As lifestyles change in India, people there are becoming increasingly susceptible to previously rare diseases. Recent reports note the country that is home to 17 percent of the world’s population has begun to experience higher rates of breast cancer. Worse, the trend lines are continuing to rise, especially among younger women.
“While the normal age of contracting breast cancer was anywhere between 45 and 55 years a decade ago, it has plunged to 35-45,” Dr. K.S. Gopinath, senior consultant and surgical oncologist, told The Times of India. "We see girls as young as 18 years with breast cancer. Due to urbanization, the lifestyle of people has changed by 180 degrees and the effect is visible.”
Last year, The Lancet reported an impending cancer epidemic in India: by 2020, 70 percent of those suffering from cancer worldwide will be located in developing countries, with a fifth located in India. An analysis of cancer rates between the years 1982 and 2005, as conducted by The Indian Council of Medical Research, showed that 10 out of every 100,000 women living in Delhi, Mumbai, Chennai, and Bangalore were diagnosed with breast cancer about 10 years ago, compared with 23 women per every 100,000 today.
Another recent global study, this one commissioned by GE Healthcare, estimated that by 2030, the incidence of new cases of breast cancer in India will increase from today’s figure of 115,000 to around 200,000 per year. No matter the exact estimates, researchers agree that an increasing number of younger women in India have become susceptible to the disease. Health care professionals believe that this is due to changing lifestyles.
Urbanization and Cultural Taboos
"Breast cancer can also be termed a lifestyle disease," Dr Jayanthi Thumsi, senior consultant and breast oncosurgeon at BGS Global Hospital, told The Times of India. "Late marriage, fewer children and declining trend of breastfeeding are some causative factors, and all these are related to urbanization. Obesity, which is related to lifestyle, is another cause."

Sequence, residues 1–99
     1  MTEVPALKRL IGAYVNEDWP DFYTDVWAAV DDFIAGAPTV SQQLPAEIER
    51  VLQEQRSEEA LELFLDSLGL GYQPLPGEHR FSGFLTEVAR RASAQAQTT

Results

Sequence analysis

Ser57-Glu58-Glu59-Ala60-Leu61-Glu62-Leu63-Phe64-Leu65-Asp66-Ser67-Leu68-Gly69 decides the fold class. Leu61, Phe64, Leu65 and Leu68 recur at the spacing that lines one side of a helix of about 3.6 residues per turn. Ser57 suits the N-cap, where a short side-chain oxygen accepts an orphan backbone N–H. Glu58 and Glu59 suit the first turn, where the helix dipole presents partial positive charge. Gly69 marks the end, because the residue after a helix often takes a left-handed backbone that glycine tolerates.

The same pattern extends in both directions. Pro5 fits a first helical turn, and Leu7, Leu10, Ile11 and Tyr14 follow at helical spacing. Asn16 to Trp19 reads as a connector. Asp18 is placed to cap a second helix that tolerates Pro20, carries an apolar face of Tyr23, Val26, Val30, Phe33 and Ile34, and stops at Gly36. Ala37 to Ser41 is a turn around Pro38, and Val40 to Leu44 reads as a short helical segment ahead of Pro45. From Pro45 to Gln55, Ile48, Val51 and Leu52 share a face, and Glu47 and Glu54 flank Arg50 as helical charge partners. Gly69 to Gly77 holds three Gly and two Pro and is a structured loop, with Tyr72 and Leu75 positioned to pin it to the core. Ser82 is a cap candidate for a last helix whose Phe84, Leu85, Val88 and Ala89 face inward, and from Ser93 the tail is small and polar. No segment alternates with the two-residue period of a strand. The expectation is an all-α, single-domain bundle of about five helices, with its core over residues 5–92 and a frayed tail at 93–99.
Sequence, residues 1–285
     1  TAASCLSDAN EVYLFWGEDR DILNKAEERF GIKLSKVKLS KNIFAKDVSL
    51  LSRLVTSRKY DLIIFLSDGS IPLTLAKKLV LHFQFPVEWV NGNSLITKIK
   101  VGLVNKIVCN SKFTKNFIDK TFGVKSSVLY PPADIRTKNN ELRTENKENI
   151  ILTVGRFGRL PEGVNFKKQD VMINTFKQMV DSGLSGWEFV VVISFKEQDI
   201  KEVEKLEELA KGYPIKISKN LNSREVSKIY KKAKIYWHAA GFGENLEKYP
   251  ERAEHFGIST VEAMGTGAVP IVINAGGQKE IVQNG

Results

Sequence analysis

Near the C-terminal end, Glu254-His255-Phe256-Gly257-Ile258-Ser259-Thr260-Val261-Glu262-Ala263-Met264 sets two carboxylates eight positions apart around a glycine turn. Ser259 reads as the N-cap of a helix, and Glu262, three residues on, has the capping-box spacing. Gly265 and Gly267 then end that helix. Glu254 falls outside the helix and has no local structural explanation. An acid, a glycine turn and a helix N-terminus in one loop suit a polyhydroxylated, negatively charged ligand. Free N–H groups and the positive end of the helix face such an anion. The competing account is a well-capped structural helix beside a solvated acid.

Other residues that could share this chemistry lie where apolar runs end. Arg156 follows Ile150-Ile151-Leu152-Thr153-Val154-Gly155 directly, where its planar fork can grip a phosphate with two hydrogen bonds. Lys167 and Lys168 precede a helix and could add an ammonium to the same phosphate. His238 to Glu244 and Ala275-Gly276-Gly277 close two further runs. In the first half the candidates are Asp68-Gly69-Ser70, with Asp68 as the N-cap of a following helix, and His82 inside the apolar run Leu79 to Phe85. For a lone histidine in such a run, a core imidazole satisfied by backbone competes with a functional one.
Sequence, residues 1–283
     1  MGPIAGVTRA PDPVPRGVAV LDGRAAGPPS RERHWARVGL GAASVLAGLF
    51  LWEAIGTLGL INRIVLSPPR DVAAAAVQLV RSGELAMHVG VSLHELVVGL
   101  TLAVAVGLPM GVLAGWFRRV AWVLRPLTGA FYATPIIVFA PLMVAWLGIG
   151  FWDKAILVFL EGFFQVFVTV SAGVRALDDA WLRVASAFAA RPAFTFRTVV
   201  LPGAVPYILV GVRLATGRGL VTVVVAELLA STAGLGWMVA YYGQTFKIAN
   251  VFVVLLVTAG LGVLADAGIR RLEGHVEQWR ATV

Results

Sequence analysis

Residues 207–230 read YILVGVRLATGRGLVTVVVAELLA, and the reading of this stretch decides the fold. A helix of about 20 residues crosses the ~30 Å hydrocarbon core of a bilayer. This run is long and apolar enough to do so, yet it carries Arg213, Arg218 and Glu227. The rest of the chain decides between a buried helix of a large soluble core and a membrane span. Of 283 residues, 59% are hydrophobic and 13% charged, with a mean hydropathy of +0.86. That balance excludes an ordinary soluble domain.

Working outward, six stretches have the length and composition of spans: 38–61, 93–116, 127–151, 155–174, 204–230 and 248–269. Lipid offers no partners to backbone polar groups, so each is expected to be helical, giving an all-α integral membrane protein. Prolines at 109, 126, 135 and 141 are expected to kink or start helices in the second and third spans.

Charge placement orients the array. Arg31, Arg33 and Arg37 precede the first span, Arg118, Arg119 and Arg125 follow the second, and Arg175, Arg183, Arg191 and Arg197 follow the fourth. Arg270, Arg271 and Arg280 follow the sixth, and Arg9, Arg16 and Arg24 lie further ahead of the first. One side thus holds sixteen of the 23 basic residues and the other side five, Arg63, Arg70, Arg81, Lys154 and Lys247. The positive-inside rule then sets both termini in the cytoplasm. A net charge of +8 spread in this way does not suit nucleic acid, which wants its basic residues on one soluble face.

A recent article in Bloomberg suggests that cultural taboos only exacerbate the problem. Not only are Indian women generally reluctant to discuss their bodies, but they also often delay doctor visits — perhaps due to ignorance or poverty — when they find something wrong. Discomfort with the process of diagnosis and treatment is an additional concern. Research conducted in other countries suggests women perceive mammography exams as uncomfortable, unnerving, and intimidating; these feelings are undoubtedly shared by women in India. Additionally, in the Asian subcontinent, the disease carries a stigma.
“No one wants to talk about it,” Harmala Gupta, founder of CanSupport, a charity that has provided free medical services to more than 50,000 cancer patients, told Bloomberg. “They’re worried their children won’t get married because of arranged marriages in this country. People think it’s in the family. Children are taught to lie to their prospective marriage partners.”
Worldwide, breast cancer survival rates range from 80 percent or more in North America, Sweden, and Japan to around 60 percent in middle-income countries and below 40 percent in low-income countries. As the World Health Organization explains, low survival rates in less developed countries are due to a lack of early detection programs in concert with a lack of adequate diagnosis and treatment facilities.
Currently, 40.4 percent of India’s population is between the ages of 25 and 54 with nearly 30 percent younger than 14 years old. Given the existing trends in Indian society, girls within this younger age range will become prime candidates for developing breast cancer by 2030.
Sources: Shetty P. India faces growing breast cancer epidemic. The Lancet. 2012.
Jonsson B, Wilking N. Prevention, early detection and economic burden of breast cancer. GE Healthcare Commissioned Study. 2013.